COVID was clearly an interruption during the past two years for most medical schools and students nearing the end of their studies. At Oceania University of Medicine (OUM), one of the most unfortunate casualties was the Objective Structured Clinical Examination (OSCE), the final clinical exam among a medical student’s long list of graduation requirements. Thankfully, OSCEs have returned to OUM.

The OSCE Story

Through a series of standardized scenarios, OSCEs assess student clinical skills following completion of their final clinical rotation.

“At most universities, the OSCE is a student’s final formal assessment. They were first developed in the mid-1960s as a way to objectively assess a medical student’s clinical skills,” says Dr. David Mountford, Associate Dean for Australia, who has helped OUM students from Australia, New Zealand, and Samoa prepare for their OSCE. Dr. Khrystal Boone, OUM’s Dean for North America helps OUM’s US and Canadian students with OSCE preparation.

Format, Scoring, and Preparation

An OSCE is a group of stations representing ten-minute clinical scenarios where individual candidates are evaluated by impartial examiners utilizing either real or simulated patients. Exams cover several disciplines and are conducted in one day, some in the morning, some in the afternoon. Students are given a specific time limit to complete each one.

“In addition to students being given a numeric score at each of their stations, examiners ask themselves a simple question: ‘Is this person competent enough that I would hire him or her as a first-year intern?’ If the answer is ‘no,’ a student fails the station,” says Dr. Mountford.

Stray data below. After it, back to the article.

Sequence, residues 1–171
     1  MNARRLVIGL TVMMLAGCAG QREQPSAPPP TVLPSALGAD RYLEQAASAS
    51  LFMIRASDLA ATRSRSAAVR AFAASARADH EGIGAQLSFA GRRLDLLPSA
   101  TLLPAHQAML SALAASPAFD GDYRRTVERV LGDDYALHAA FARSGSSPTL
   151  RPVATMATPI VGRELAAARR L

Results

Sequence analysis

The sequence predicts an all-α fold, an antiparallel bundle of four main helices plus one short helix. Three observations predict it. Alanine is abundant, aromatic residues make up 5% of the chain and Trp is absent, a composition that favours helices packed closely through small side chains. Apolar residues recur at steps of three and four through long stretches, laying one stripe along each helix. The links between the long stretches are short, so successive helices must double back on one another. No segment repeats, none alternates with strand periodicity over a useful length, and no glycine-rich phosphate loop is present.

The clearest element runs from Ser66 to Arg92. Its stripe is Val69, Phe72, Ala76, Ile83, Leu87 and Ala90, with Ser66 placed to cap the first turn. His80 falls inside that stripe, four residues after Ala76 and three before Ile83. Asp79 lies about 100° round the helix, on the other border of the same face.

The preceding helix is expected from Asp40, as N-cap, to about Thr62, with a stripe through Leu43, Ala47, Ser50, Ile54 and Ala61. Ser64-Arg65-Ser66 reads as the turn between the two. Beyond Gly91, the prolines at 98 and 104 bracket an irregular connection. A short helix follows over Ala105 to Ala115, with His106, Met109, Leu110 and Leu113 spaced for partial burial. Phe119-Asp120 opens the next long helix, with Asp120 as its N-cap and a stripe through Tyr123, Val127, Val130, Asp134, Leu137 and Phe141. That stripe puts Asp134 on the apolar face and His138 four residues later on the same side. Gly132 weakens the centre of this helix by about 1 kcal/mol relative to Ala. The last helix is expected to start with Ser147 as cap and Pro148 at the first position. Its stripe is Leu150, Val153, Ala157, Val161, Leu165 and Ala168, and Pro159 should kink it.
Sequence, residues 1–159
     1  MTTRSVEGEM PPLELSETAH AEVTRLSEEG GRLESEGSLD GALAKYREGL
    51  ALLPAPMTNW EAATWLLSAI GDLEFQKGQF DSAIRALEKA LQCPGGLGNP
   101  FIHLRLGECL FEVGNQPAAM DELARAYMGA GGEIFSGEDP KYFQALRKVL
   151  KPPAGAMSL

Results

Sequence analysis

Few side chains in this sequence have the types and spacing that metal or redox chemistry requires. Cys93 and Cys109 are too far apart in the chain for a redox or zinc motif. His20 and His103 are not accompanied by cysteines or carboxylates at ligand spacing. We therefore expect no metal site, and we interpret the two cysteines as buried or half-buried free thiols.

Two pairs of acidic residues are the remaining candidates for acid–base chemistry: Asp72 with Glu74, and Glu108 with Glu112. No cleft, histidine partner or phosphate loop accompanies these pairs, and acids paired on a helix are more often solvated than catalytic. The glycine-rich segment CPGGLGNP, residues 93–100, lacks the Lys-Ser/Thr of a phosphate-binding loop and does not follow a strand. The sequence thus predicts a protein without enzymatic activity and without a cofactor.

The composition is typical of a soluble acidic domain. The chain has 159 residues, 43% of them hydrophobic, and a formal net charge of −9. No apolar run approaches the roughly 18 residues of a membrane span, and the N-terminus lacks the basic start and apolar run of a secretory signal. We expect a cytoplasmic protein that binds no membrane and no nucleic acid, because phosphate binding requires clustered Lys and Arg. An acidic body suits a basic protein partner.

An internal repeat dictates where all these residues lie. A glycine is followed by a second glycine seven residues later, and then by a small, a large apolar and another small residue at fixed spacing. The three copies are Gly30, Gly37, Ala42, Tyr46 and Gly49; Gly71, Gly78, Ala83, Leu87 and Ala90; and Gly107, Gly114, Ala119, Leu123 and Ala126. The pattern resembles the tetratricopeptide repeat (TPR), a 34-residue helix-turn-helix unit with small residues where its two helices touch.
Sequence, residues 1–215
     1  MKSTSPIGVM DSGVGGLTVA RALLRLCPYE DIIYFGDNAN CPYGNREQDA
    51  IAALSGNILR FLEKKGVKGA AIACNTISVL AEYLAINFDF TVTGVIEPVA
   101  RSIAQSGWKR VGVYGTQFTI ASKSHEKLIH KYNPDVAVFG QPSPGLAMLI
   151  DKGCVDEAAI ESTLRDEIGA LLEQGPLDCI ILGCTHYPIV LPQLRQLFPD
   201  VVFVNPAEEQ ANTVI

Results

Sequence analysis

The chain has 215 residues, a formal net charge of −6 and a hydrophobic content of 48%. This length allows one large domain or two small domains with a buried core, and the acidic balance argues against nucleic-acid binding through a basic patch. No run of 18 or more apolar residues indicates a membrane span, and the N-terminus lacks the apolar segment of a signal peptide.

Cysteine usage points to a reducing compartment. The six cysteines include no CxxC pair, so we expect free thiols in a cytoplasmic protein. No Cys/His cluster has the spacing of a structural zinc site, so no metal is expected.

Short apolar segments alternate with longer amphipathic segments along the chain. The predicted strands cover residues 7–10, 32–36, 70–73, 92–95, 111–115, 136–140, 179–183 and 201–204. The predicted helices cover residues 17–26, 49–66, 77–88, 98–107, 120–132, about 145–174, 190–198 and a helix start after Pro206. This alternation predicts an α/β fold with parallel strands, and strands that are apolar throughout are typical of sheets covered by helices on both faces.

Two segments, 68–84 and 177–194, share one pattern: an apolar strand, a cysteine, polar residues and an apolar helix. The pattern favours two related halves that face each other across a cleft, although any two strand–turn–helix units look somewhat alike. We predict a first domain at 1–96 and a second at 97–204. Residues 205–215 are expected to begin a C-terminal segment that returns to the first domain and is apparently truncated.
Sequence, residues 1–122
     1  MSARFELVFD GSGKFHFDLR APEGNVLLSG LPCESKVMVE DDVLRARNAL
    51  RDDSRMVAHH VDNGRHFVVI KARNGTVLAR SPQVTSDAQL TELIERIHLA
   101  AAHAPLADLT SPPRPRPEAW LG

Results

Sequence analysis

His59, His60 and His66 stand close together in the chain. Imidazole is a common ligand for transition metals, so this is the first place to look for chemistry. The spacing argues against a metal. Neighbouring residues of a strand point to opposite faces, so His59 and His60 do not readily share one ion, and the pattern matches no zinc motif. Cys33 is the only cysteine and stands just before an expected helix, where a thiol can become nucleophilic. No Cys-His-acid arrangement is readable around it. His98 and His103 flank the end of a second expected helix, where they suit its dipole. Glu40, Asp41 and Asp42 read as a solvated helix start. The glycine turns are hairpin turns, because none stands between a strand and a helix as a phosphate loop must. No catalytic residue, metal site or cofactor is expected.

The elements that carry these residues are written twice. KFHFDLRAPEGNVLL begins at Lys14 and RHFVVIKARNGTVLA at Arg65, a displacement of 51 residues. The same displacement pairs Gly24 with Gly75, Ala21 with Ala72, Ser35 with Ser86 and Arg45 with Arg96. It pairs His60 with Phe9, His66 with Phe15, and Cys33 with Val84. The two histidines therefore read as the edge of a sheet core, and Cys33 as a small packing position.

To ready themselves for the OSCEs, OUM students present and examine OSCE-like cases during an optional University prep course.

Passing the OSCE is a graduation requirement at OUM and most other medical schools, as well as a requirement of most licensing bodies and global accreditation agencies.

OUM was founded in 2002 to address the physician shortage in its home country of Samoa and in other Pacific Island countries. Today its live virtual curriculum is taught by faculty in numerous global locations to 300+ students residing primarily in Australia, Canada, New Zealand, Samoa, and the United States — the same countries where most of its graduates are licensed practicing physicians or in postgraduate training. OUM is accredited by the Philippine Accrediting Association of Schools, Colleges and Universities, is listed in the World Health Organization’s World Directory of Medical Schools, and is recognized by the Education Commission for Foreign Medical Graduates.

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